Dawn Raynor's Lake District kayak challenge for respite centre
A mother of disabled twins is challenging herself to kayak around 13 lakes in the Lake District to help raise money to build a respite centre.
Dawn Raynor, from Moor Row in west Cumbria, has two sons with tuberous sclerosis, a condition which causes them to have several fits each day.
Although Callan and Ethan are 14 years old, they need constant care. Their closest respite centre is 20 miles away in Allerdale and only opens three days a week.
Mrs Raynor is hoping that by completing her challenge, she will raise enough money to help open a respite centre in west Cumbria to help other families facing similar challenges.
The 41-year-old said: "It is a complete utter nightmare. It is hard work... you can't relax around them at all, you're always on alert and I know that this isn't just my life, I know that this is a lot of people's lives in west Cumbria.
"You can't do anything normal as such and this respite centre would give them that normality.
"I want them to climb trees, I want them to have everything that every other child has.
"I couldn't bear the thought of my kids ending their lives and not have had somewhere fun to go, because that would kill me."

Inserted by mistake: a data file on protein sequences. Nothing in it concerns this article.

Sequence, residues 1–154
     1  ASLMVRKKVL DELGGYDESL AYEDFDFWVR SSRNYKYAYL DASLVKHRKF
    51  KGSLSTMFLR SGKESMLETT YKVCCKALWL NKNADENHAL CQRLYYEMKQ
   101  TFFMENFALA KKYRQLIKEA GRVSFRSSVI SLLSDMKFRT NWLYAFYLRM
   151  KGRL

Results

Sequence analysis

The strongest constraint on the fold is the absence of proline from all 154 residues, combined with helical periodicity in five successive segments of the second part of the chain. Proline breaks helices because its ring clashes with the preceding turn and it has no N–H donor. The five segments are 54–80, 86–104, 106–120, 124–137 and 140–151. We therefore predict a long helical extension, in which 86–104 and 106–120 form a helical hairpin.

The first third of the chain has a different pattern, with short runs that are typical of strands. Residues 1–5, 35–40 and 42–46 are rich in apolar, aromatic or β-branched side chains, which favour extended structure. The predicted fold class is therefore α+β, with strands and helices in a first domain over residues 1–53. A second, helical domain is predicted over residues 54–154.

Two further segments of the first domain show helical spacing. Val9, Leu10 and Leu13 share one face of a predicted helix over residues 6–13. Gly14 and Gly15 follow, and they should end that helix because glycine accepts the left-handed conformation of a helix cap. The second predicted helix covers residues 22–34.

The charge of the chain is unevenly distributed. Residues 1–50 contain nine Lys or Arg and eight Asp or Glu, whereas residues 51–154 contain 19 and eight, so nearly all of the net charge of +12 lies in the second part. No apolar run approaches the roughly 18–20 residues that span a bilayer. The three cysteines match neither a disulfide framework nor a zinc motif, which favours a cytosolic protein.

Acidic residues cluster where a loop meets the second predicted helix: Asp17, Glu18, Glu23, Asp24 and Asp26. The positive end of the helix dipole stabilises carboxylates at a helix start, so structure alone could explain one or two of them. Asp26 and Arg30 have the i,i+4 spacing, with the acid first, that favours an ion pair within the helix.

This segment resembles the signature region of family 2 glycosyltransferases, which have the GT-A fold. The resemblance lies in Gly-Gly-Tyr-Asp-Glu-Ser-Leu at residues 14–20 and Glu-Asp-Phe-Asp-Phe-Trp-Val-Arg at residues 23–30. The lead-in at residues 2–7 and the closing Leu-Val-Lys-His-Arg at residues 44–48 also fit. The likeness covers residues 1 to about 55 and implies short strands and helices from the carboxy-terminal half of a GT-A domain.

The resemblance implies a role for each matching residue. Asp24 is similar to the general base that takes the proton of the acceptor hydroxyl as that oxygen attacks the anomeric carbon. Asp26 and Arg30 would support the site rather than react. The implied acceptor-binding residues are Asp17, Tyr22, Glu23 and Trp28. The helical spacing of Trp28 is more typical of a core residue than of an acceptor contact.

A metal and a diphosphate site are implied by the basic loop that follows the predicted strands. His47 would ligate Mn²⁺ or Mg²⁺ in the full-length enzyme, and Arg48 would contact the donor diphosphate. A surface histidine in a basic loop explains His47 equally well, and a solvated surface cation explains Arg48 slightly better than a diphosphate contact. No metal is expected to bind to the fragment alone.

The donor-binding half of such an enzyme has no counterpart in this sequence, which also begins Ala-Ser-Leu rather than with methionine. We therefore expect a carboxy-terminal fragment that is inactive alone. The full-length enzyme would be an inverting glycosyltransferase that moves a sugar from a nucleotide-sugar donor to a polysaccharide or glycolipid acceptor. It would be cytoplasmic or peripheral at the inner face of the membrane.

Her charity Give us a Break hopes to have a piece of land gifted as they will need to raise about £1m to open the centre.
The twins both have behaviour problems and learning difficulties. Callan can have up to 20 seizures in one day, some of which can be "quite aggressive".
Mrs Raynor now works part time to look after her sons, who only receive respite care for one night per month.
"It's tiring but you have to just keep on smiling" she said.
"I choose not to let people see what is deep in me because if I was to walk around how I feel, I'd be a quivering mess.
"These kids are on limited time and time is not a good thing.
"There is times when you've felt at that very low ebb and you want to drive off the edge of a cliff.
"We've all been there and I know a lot of people probably won't admit to it, but we've all been there and it's a horrible place to be and this is why it is so important to get this done," Mrs Raynor said.
She said the "dream" was to build a safe environment for children with special needs to have fun in and to allow their parents to have a break knowing they are safe.
Cumbria County Council said there had been a "huge improvement" in services for disabled children over the past three years but admitted there were "still gaps" they hoped to develop.
Give us a Break has raised £15,000 since it began in 2010.
Mrs Raynor is taking part in the challenge with Martin Whitmill, from Cleator Moor, who kayaked from Cumbria to the Isle of Man with his dog Charlie.
She will have 48 hours to kayak the whole circumference of all the 13 lakes, with larger waters like Windermere and Ullswater potentially taking up to six hours to complete.
The challenge is set to take place on 8 and 9 September.